There is also an exhibit detailing the exhumation of Jesse’s grave that took place in the 1990’s.

The second room is set up as a bedroom from the 1800s.

Jesee James on the run

After a life of notorious criminal activity that made Jesse James famous, the outlaw attempted to settle down, or at least hide from the law.

He moved to St. Joseph, Missouri on November 8, 1881, under the alias of Tom Howard with his wife Zerelda and two children, Jesse Jr and Mary where he rented a house.

On Christmas Eve 1881, he moved to a second house; this one on Lafayette Street. The docent at the museum explained that he moved to the Lafayette Street house because it was located 70 feet higher.

This gave him a better vantage point to see anyone riding towards the house. It was the days of riding horses and dirt roads — so he could see the dust from the dirt road from quite a distance if someone was riding towards his house.

Jesse lived here for 100 days.

The Day Jesse James was Shot

The short story that is told is that Bob Ford shot Jesse James in the back of the head when Jesse had his back turned to dust a photo in his home in St. Joseph for a $10,000 reward.

The longer story is that Charlie Ford had been living with Jesse and his family in the home. 10 days before Jesse was killed, Bob also came to live at the house.

A few months prior to this Bob Ford and additional gang member Dick Liddil surrendered to Sheriff James Timberlake in Ray County for the December 4, 1881 murder of Wood Hite (who was Jesse James’ cousin and also married to Ford’s sister), in Ray County, Missouri.

After their confession, Bob Ford and Liddil were brought in to meet with Governor Crittenden, who promised Ford a full pardon if he killed James, who was by then the most wanted criminal in the USA.

James Gang wanted sign

Legend has it that, after breakfast on April 3, 1882, Jesse, Charlie, and Bob moved into the sitting room to discuss a plan to rob the Platte City, Missouri Bank.

At some point that morning, Jesse read the daily newspaper and learned of his gang member Liddil’s confession for participating in Hite’s murder and grew increasingly suspicious of the Ford brothers for never reporting this information to him.

According to Robert Ford, it became clear to him that James had realized they were there to betray him. However, instead of scolding the Fords, Jesse walked across the living room to lay his revolvers on a sofa.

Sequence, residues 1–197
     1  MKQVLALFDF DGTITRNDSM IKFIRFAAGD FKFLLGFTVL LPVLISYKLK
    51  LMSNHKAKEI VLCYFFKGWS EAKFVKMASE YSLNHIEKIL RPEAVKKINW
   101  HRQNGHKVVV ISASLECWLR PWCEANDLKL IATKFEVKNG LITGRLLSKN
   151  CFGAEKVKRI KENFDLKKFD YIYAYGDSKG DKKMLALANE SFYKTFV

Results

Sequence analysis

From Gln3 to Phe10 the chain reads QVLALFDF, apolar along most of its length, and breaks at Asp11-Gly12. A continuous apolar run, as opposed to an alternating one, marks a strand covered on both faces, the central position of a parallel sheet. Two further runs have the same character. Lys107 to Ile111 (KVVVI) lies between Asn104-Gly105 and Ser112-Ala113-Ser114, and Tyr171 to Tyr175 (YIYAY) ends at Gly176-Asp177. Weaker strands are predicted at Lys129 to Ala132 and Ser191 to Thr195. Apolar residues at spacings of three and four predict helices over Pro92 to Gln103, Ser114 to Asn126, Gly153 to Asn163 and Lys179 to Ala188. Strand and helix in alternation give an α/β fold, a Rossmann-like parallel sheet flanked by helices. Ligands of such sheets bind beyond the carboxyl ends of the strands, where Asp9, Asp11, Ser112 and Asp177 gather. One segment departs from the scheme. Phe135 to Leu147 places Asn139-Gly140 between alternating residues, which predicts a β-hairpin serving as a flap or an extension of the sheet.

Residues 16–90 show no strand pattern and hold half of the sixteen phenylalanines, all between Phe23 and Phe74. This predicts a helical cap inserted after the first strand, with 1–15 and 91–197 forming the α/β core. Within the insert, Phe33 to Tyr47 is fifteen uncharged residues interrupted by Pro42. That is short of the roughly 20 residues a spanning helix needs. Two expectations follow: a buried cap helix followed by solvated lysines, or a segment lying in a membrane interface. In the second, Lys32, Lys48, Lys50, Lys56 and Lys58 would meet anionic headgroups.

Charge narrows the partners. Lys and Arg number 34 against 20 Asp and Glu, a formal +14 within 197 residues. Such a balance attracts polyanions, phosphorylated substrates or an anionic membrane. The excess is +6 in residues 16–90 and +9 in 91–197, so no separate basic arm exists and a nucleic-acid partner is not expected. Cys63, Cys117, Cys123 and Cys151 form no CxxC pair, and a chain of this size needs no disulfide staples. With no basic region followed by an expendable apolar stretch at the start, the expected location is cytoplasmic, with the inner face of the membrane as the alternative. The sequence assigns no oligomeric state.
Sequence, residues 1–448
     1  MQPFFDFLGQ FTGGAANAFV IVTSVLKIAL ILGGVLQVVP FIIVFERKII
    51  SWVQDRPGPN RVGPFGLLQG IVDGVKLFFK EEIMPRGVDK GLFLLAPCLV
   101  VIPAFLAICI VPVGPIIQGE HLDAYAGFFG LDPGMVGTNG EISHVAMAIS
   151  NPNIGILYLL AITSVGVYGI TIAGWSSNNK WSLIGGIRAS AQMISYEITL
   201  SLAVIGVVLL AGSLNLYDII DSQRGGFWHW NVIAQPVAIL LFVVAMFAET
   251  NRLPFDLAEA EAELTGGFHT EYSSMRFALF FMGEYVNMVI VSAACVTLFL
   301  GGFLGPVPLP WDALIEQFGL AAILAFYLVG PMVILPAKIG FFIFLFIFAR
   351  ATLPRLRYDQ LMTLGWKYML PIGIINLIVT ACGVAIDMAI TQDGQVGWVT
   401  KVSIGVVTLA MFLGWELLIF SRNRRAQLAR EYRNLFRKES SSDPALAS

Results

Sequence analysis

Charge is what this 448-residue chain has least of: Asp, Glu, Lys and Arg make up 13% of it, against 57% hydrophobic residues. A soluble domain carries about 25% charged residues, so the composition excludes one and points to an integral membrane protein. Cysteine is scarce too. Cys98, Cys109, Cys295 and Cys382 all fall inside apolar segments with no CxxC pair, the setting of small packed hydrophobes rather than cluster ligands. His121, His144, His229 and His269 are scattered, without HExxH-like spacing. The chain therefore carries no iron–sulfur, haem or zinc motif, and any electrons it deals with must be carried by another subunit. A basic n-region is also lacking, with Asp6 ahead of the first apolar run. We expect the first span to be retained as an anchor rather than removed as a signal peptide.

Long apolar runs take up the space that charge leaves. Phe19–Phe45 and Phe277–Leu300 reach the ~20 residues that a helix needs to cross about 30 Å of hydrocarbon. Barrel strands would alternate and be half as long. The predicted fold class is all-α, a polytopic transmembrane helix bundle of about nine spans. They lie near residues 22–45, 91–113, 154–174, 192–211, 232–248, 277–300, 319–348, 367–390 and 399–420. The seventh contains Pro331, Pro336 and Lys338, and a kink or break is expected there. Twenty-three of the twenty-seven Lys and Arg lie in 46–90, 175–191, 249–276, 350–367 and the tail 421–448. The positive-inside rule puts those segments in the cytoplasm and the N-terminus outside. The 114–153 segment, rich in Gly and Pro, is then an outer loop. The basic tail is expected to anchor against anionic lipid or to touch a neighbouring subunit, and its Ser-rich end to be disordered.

Jesse turned around and noticed his mother’s needlepoint above the mantel was crooked and stood on a chair in order to adjust it.

The docent of the museum confirmed that Jesse’s great-granddaughter Betty Barr says he was adjusting a needlepoint made by Jessie’s mother & not dusting a photo. It was common knowledge that Jesse’s wife Zerelda kept a tidy house and a picture would never be in need of dusting.

Some say it was Robert Ford who drew his weapon and shot James in the back of the head.

Other’s believe that both Bob and Charlie shot him from behind at the same time. Bob was in one corner of the room and Charlie in the other.

Jesse James was 34 years old. Bob Ford was 19. Charlie was 20.

After the killing, the Fords wired Crittenden to claim their reward. They surrendered themselves to legal authorities but were shocked to be charged with first-degree murder.

In one day, the Ford brothers were indicted, pleaded guilty, and sentenced to death by hanging. Two hours later Crittenden granted them a full pardon. They never received the reward money.

Was Jesse James shot in the head?

Jesse James Skull cast

The above is a casting of the outlaw Jesse James skull. The bullet entered behind his right ear and — some believe — came out over his left eye, leaving the legendary bullet hole in the wall.

The 1882 autopsy documented that a bullet entered his head behind the right ear and there was no exit wound.